How Real Estate Investors Are Explaining Away Housing Bubble

When people think about a housing bubble, they think of the subprime collapse of 2008, leading to fear and panic. Most real estate investors will tell you that the ballooning or increase in the housing market currently is nothing like the subprime crisis. In fact, most investors will tell you the current housing market is not a bubble at all; it is a normal progression of healthy and sustainable financial causes and effects.

The Current Market Versus the Subprime Market

Subprime mortgages, or mortgages allotted to people with poor credit and inadequate finances, resulting in the housing bubble and bust in the early 2000s. Mortgage lenders and government programs allowed people to buy homes they could not realistically afford, resulting in a record number of foreclosures.

The current real estate situation is not the same as the subprime era. While housing prices are rising quickly and steadily, those who are receiving loans are qualified buyers. The majority of mortgages are being made to people with high credit scores and substantial down payments. In other words, the loans are more secure than those of the past, allowing for a more stable and profitable market.

The Principles of Supply and Demand

The current market is following the principles of supply and demand. Yes, people are buying houses at higher market values than years previous, but that is due to a limited supply.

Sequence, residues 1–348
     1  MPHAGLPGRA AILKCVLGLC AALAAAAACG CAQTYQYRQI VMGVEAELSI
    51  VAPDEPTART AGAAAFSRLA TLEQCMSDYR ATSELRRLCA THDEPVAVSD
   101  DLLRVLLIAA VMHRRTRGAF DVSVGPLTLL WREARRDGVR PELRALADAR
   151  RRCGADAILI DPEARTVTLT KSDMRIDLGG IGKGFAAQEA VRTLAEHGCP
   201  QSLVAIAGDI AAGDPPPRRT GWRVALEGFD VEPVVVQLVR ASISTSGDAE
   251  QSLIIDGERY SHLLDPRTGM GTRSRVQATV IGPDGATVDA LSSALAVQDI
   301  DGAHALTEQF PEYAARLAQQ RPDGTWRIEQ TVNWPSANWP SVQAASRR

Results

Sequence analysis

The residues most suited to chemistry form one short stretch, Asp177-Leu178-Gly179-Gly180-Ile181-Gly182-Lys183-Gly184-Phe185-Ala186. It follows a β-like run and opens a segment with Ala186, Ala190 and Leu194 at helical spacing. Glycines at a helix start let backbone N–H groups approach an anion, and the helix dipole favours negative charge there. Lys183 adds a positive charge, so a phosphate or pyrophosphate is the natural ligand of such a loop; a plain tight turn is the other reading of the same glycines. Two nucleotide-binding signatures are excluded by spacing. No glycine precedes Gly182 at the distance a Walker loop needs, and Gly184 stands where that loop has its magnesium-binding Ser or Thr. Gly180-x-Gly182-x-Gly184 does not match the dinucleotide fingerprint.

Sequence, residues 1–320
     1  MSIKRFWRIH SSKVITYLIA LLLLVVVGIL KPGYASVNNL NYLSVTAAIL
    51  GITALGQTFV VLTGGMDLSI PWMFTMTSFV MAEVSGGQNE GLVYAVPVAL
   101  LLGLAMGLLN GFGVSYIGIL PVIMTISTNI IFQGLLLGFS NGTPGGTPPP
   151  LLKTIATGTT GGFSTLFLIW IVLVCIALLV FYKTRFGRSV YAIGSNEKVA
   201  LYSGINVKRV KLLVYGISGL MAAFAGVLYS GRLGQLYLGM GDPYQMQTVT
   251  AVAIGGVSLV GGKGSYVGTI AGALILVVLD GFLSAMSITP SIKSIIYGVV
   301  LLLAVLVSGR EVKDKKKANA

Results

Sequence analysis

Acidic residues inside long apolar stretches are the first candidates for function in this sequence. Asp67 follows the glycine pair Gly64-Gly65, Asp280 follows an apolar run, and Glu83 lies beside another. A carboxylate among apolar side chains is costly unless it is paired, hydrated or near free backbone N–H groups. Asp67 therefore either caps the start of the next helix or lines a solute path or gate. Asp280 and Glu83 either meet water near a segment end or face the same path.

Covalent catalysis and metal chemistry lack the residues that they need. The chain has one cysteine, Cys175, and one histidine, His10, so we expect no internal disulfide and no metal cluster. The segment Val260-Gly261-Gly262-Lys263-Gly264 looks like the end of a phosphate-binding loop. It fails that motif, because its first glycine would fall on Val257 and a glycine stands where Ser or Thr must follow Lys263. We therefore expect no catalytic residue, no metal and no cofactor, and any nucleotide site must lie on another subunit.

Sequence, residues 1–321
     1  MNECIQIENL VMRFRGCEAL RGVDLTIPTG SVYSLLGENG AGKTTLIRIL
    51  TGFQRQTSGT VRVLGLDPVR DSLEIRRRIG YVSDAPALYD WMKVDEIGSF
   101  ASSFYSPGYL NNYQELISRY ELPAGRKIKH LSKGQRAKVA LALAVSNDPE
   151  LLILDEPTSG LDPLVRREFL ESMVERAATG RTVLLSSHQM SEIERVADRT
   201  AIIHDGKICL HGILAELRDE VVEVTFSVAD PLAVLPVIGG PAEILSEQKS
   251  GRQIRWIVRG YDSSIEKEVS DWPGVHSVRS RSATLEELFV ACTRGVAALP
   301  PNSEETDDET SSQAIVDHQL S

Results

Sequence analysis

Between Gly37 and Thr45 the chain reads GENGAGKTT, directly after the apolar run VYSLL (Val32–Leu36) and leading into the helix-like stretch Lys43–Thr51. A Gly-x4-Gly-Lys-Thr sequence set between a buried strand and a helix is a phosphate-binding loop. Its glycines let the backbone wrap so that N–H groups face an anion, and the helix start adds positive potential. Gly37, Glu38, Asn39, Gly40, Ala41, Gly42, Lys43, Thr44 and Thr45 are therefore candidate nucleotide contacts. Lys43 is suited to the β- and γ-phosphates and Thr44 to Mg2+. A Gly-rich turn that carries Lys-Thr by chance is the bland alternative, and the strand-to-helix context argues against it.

When supply is down and demand is up, the price of the existing supply increases. Right now, there are not enough houses on the market to satisfy the current demand. The pandemic played a prominent role in this transition because sellers are more reluctant to have strangers walking through their homes, meaning they hold off putting their houses up for sale. Additionally, builders cut back on the speed of construction after the last housing crisis, meaning there are fewer new houses on the market.

Consumer Financial Health and Stability

A look at the average American will see a stark contrast between them and the average person 13 years ago. Most people changed their financial behaviors, and with a healthy boost of stimulus payments, many are better off today than before.

The real estate market is not improving or skyrocketing because of an influx of unqualified buyers backed by subprime mortgages; it is excelling for the right economic reasons: qualified individuals investing in a limited and reasonably priced supply. True, there is no guarantee the market will continue its current pace, currently 11% year-over-year, but there is no fear of a sudden and unpredictable collapse.

A stable economy relies on stable and qualified investors, and it appears banks, the government, and the people learned the lessons from the last housing crisis. The current housing market is excelling for right and predictable reasons, and it is not a bubble, according to those with the most expertise.

While it is understandable some investors would share a bit of trepidation with the apparent astronomical rise in the housing market, it is no mystery why the market is experiencing its current success. All one needs to do is review the fundamental principles of supply and demand to know what is happening. You only need to look at an average buyer's finances to know this is not the beginning of another housing bubble.

However, while a bubble might not be imminent, it is safe to assume the market will experience a downturn. Supply will eventually meet or exceed demand, leading to a shift in profitability. Only time will tell when the current ebb and flow dynamic will begin to recede.

What are your thoughts on the current housing market? Are you worried, or do you agree with the author's assessments? Leave a comment below. 

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